behavioural problems which cause indiscipline in classes were also featured as

challenges faced by teachers.



3.3 Reasons for Learner Drop-out and Repetition

The study wanted to identify reasons for learner drop-out and repetition in

schools.   Mainstream teachers, parents and community leaders and learners

both with and without disabilities were asked questions.



3.3.1 Reasons for Learner Drop out and repetition by Mainstream Teachers

Teachers in the schools mentioned that every year they have drop outs and

repeaters in the schools. The baseline study team found out that learners drop

out and repeat classes on various reasons. In the first place, teachers mentioned




                                                                              25
poverty, orphan hood early marriages and teenage pregnancies as the major

reasons for drop out. In some schools teachers mentioned that some learners

drop out of school or repeat classes because of having physical disabilities.



Further, mainstream teachers emphasized that poverty and orphan hood force

girls to engage into early marriages and teenage pregnancies. Mainstream

teachers said that orphan hood force some learners to assume parental roles of

caring for their siblings, and consequently they drop out of school.



In addition, mainstream teachers said that some learners absent themselves

from school for long periods; and eventually stop coming to school forever.

When the study team asked mainstream teachers to give reasons why those

learners that have been absent from school for long time do not come back to

school, the teachers disclosed that the learners are afraid of punishments. Those

learners   who learners who take the challenge of        facing the punishment at

school, still fail examinations because of missing classes for so long.



Secondly, teachers mentioned that some learners repeat classes because of lack

of interest, absenteeism, inadequate teaching and learning resources in the

schools, and failure to address educational needs of some learners with SEN.

Furthermore, teachers complained that they do not have enough knowledge and

skills to teach learners with disabilities. As such, learners with disabilities fail

examinations and repeat classes several times.




                                                                                 26
The team also learned that some learners in schools close to trading centres and

markets are vulnerable to repetition. Teachers mentioned that, instead of

learners being in class learning, they abscond classes to sell things for money or

watch video shows. In the long run, these learners fail examinations and repeat

classes. The following table and graph summarise drop out and repetition trends

in the five zones.

Table 2: The number of male and female dropouts in the zones




                                         Sex
                                    Male       Female   Total
                 Zone    Goliati       253        276      529
                         Migowi       239         192     431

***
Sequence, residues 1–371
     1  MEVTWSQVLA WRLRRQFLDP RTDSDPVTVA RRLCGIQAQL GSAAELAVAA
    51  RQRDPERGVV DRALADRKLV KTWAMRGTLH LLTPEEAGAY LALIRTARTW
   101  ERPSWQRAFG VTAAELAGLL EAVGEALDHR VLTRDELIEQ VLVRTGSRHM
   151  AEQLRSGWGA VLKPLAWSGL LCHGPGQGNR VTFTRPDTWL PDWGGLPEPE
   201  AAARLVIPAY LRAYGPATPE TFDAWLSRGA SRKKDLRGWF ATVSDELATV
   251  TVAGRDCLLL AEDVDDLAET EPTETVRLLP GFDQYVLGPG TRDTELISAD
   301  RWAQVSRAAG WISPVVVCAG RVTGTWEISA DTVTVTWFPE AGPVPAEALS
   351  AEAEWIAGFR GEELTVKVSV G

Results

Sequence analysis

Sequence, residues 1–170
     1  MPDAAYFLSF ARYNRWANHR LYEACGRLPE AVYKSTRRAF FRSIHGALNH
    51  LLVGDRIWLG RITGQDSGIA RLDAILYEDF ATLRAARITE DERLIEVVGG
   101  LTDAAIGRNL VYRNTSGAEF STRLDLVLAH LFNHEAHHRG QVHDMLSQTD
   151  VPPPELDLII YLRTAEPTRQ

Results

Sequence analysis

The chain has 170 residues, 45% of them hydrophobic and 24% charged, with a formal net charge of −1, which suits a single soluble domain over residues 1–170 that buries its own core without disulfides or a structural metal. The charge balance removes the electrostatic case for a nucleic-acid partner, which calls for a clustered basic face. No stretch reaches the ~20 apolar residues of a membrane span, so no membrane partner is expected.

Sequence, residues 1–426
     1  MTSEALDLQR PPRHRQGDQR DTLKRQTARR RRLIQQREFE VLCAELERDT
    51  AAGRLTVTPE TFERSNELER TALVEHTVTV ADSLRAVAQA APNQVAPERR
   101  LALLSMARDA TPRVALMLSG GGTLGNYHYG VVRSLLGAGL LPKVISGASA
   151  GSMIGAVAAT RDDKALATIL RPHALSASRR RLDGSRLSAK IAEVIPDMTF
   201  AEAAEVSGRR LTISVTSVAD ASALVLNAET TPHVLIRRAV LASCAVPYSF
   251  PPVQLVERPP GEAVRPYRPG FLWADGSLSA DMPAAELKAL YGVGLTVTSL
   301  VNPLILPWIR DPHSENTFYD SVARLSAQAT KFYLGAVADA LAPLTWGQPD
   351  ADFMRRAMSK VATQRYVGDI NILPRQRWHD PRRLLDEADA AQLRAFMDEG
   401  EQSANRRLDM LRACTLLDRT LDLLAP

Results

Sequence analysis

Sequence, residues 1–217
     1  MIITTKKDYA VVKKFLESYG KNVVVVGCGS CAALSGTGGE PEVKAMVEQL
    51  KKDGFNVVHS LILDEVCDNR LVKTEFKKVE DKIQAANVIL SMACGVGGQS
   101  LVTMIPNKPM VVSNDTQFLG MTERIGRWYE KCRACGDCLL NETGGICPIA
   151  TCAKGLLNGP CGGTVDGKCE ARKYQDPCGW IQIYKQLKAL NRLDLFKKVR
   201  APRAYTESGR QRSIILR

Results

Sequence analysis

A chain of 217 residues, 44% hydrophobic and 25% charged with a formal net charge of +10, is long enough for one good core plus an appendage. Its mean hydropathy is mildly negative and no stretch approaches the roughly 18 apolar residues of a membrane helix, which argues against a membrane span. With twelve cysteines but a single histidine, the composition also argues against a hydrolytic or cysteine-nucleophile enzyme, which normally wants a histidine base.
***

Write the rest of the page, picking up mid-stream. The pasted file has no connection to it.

Nyungwe      126         122     248
                         Thuchila     144         139     283
                 Total                762         729     1491



Figure 3: Graph of male and female dropouts




                                                                               27
                          300




     Number of Students   250




                          200




                          150
                                                                                       Sex

                                                                                             Male

                          100                                                                Female
                                    Goliati     Migow i          Nyungw e   Thuchila


                                                          Zone



Similarly the table, graph and test results with a Chi-square value of 5.55 and a

p-value of 0.136 suggest that there is no significant difference in the number of

male and female students within the zone. The result implies that there is no

significant difference in the numbers of male dropouts in the zones and likewise

for female dropouts. Furthermore a test to compare the distribution of dropouts

within the whole sample gives a Chi-square value of 0.73 and a p-value of 0.393,

hence there is no significant difference in the number of male against female

dropouts. Thus it can be inferred that in the (whole) area being studied, there is

no significant difference in the number of male and female dropouts.



From these findings we may conclude that both boys and girls are being worst

affected by the external factors that influence school drop out and repetition in

the four educational zones.



3.3.1.1                         The Distribution of Repeaters




                                                                                                    28
 A comparison of the number of repeaters between boys and girls in schools,

zones as well as the whole sample has illustrated in Figure 4 below.